Rabbie Burns

I have loved this song since the first time I heard it, performed live in a concert by Patsy Seddon & Mary MacMaster (otherwise known collectively as Sileas), when I was around 7 years old, at a concert in The Pleasants Edinburgh.  I was there with my dad for the Ediburgh Harp Festival (now held in Colington at the beautiful grounds of Merchiston Castle School).  It went right through me, reverberating around my ribs, chest and gut.  To this day it still has this effect, regardless of how many times I listen to it.

And then, today, a revalation – I discover as looking for the lyrics that it is an old Rabbie Burns poem.  I knew it was a traditional Scottish song, but did not know it was from our great treasure Rabbie – also the author of ‘Auld Lang Syne’.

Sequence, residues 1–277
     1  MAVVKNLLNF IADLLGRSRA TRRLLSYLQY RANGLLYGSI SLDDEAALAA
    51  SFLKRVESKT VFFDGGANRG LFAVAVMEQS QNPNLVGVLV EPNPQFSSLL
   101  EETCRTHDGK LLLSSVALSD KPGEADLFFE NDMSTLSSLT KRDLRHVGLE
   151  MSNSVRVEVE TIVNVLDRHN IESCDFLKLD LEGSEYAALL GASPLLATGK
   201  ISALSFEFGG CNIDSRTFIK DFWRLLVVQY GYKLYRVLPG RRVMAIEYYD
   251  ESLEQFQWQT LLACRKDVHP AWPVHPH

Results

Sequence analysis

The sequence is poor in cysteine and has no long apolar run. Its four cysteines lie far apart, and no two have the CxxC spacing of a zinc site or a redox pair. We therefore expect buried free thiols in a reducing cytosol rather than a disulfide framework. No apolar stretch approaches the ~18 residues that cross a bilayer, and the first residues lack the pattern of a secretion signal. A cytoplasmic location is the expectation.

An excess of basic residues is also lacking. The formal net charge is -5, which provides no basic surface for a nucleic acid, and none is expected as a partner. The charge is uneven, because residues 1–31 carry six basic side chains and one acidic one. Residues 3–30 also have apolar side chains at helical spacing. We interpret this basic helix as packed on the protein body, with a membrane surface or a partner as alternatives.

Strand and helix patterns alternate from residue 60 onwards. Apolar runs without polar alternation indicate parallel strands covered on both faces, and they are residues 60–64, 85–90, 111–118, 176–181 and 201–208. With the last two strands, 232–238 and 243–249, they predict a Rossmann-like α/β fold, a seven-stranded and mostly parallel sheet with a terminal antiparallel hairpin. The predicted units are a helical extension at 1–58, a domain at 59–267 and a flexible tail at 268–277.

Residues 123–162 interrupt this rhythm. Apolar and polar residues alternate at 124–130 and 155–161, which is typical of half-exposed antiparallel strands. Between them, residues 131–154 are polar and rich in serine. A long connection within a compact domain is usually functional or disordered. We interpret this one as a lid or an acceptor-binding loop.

http://www.robertburns.org/works/282.shtml

Ca’ The Yowes To The Knowes

1789
Type: Poem

Chorus.-Ca’ the yowes to the knowes,
Ca’ them where the heather grows,
Ca’ them where the burnie rowes,
My bonie dearie

As I gaed down the water-side,
There I met my shepherd lad:
He row’d me sweetly in his plaid,
And he ca’d me his dearie.
Ca’ the yowes, &c.

Will ye gang down the water-side,
And see the waves sae sweetly glide
Beneath the hazels spreading wide,
The moon it shines fu’ clearly.
Ca’ the yowes, &c.

Ye sall get gowns and ribbons meet,
Cauf-leather shoon upon your feet,
And in my arms ye’se lie and sleep,
An’ ye sall be my dearie.
Ca’ the yowes, &c.

If ye’ll but stand to what ye’ve said,
I’se gang wi’ thee, my shepherd lad,
And ye may row me in your plaid,
And I sall be your dearie.
Ca’ the yowes, &c.

While waters wimple to the sea,
While day blinks in the lift sae hie,
Till clay-cauld death sall blin’ my e’e,
Ye sall be my dearie.
Ca’ the yowes, &c.

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